Yes, the compiler will even iterate through strings for us at compile time and compare character values!

Next, we need a way to call IsValid() once for each value in a list. Recursion using parameter packs to the rescue:

template <typename E> constexpr int CountValid() {
  return 0;

template <typename E, E A, E... B> constexpr int CountValid() {
  bool is_valid = IsValid<E, A>();
  return CountValid<E, B...>() + (int)is_valid;

Here, IsValid() is called once for each enum value template parameter (of type E) after typename E. Writing the template parameters in this way, <typename E, E A, E... B>, allows us to retrieve one value (A) from the parameter pack B for each call to CountValid(), which has the effect of allowing IsValid() to be called once for each enum value in the parameter pack B. Since parameter packs are template parameters that accept zero or more template arguments, a recursion-terminating version of CountValid() that accepts no additional template arguments after typename E is needed, which returns 0 to terminate the recursion.

Now all that's left is to generate parameters to fill the parameter pack. If we create a parameter pack containing every possible value of the underlying enum type, we can call IsValid() for each of those values and count the valid values to determine the amount of values in the enum. To generate parameters, we can use a std::integer_sequence. It allows us to create a compile-time list of integers that can be used to deduce a parameter pack of integers, which can then be cast into a parameter pack of the specified enum type, which is exactly what we need to pass to CountValid(). The std::integer_sequence in InternalElementCount is not used explicitly as a traditional function parameter, rather its underlying type (a sequence of ints) is used to deduce a parameter pack int... I:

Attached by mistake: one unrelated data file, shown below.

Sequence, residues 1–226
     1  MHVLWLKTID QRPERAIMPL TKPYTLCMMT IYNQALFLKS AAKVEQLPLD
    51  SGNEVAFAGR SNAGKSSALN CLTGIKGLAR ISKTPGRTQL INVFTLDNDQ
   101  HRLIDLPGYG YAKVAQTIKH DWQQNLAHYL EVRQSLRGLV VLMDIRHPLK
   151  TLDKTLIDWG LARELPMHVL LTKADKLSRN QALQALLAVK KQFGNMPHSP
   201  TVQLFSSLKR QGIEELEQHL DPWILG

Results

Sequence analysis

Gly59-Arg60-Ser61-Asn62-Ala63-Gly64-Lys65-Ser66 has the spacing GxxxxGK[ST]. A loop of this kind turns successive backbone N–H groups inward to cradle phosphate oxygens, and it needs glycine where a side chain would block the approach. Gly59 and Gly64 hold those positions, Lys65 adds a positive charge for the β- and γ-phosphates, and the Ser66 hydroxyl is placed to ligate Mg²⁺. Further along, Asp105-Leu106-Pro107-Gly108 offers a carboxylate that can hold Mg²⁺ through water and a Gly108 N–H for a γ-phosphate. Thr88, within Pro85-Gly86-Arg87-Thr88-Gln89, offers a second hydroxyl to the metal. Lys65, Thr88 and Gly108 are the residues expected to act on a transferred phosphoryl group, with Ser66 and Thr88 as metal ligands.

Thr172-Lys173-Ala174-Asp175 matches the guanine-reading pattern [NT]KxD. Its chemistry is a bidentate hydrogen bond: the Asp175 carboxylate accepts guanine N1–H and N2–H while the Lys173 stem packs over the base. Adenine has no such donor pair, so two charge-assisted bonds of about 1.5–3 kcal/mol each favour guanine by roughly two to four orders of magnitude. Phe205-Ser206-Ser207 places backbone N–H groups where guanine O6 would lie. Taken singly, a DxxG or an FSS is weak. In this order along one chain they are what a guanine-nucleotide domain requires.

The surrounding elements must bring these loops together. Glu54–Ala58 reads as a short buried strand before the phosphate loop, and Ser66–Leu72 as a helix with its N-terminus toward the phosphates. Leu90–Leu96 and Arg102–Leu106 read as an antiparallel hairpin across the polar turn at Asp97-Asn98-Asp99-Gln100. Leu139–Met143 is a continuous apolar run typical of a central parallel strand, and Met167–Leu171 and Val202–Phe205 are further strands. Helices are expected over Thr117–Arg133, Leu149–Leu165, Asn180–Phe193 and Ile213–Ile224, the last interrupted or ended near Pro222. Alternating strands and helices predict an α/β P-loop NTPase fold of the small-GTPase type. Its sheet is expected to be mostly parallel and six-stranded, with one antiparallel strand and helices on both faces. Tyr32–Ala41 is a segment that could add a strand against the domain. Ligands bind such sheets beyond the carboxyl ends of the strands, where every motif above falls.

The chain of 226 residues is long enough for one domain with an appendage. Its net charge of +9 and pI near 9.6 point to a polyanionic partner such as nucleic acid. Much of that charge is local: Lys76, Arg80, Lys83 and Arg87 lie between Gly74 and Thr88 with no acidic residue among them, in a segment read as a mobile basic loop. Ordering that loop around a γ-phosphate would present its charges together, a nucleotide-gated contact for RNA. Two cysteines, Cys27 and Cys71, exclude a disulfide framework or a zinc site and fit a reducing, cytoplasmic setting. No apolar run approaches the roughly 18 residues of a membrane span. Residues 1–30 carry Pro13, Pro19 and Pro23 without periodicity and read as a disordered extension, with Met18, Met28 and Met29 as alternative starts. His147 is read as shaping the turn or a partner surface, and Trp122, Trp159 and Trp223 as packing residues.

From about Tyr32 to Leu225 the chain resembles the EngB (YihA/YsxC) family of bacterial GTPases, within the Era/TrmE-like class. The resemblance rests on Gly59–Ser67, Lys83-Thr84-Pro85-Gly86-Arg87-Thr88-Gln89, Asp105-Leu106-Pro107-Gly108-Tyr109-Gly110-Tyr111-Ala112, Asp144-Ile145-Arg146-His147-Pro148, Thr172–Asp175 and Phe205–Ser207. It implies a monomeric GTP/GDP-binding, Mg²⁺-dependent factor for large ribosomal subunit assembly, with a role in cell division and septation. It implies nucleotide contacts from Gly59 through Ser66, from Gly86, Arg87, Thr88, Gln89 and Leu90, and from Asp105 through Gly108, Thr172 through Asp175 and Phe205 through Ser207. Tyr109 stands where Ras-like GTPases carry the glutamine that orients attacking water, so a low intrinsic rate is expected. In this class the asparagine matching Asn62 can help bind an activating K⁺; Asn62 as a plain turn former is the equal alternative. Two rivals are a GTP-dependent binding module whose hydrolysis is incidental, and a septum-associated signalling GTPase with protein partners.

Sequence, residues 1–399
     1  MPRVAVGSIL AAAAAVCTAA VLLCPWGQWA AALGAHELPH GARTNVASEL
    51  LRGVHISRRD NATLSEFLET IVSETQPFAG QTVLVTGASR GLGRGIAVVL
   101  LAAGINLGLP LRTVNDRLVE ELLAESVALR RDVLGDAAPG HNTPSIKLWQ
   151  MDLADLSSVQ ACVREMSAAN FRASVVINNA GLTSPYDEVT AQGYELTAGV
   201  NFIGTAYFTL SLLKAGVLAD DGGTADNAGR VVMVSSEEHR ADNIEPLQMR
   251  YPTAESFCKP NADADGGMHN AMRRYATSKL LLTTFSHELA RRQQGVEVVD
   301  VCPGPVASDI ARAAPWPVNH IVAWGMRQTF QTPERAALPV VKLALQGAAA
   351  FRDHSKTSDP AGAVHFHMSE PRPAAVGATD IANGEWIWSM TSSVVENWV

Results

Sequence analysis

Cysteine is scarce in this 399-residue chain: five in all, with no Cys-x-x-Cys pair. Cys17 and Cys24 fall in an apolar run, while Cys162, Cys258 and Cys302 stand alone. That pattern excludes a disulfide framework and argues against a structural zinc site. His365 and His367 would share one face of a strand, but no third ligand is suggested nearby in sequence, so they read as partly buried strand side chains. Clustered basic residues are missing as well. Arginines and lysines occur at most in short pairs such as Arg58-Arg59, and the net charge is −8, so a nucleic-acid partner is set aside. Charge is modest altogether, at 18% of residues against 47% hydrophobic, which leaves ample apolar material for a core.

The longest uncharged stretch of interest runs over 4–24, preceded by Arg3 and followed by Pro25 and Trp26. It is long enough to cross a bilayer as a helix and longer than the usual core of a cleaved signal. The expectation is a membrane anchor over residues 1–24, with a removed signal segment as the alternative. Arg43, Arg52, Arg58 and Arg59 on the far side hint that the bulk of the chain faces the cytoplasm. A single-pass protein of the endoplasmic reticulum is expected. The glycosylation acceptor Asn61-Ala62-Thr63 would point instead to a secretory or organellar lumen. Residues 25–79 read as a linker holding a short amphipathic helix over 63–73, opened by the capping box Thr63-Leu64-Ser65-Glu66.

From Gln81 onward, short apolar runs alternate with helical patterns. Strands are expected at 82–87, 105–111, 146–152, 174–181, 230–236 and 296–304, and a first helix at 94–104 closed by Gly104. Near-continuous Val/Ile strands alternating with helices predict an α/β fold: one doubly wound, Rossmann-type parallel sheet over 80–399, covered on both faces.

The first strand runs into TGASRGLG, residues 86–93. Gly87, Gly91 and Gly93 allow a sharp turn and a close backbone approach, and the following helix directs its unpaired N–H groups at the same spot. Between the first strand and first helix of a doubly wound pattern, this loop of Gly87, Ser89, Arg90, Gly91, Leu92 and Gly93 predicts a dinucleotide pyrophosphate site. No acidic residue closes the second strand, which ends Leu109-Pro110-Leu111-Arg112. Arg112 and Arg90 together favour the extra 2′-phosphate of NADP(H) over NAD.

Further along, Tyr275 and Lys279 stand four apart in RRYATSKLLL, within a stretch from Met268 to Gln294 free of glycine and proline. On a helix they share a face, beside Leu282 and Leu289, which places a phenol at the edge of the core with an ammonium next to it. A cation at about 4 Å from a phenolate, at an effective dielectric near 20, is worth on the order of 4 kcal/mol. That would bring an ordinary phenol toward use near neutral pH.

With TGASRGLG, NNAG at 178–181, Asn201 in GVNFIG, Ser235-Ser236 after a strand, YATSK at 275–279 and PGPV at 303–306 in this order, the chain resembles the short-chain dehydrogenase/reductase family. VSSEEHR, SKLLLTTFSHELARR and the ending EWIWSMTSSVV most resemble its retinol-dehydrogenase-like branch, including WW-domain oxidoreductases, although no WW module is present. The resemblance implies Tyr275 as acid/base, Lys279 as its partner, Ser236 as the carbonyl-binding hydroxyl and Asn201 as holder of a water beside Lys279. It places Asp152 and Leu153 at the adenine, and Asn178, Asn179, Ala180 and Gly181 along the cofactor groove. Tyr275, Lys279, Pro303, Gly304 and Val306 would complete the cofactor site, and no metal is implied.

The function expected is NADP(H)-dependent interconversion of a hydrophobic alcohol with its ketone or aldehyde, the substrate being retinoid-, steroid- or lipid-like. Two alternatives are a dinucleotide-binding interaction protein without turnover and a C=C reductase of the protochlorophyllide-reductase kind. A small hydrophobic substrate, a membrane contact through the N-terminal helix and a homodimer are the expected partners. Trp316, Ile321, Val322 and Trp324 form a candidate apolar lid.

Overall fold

template <typename E, int... I> constexpr int InternalElementCount(std::integer_sequence<int, I...> unused) {
  return CountValid<E, (E)I...>();

template <typename E> struct ElementCount() {
  static const int value = InternalElementCount<E>(std::make_integer_sequence<int, 100>());

Now, because we access ElementCount<Fruit>::value, an integer sequence consisting of all values between 0-100 is created at compile time for InternalElementCount. Although InternalElementCount does not use this parameter, passing it forces the compiler to deduce I from the type of the std::integer_sequence. Then, these are cast to type E (which in this case is the enum Fruits) and provided as template arguments to the CountValid() function we wrote earlier.

To prove this is a compile-time operation, we can write a short program:

int main() {
  __asm__("# test begin");
  int count = ElementCount<Fruit>::value;
  __asm__("# test end");

Which produces the following assembly:

## test begin
movl    $3, -4(%rbp)
## test end

The enum size value 3 is computed at compile time and inserted right into the program binary!

This post was heavily influenced by Daniil Goncharov's amazing magic_enum project. Check it out!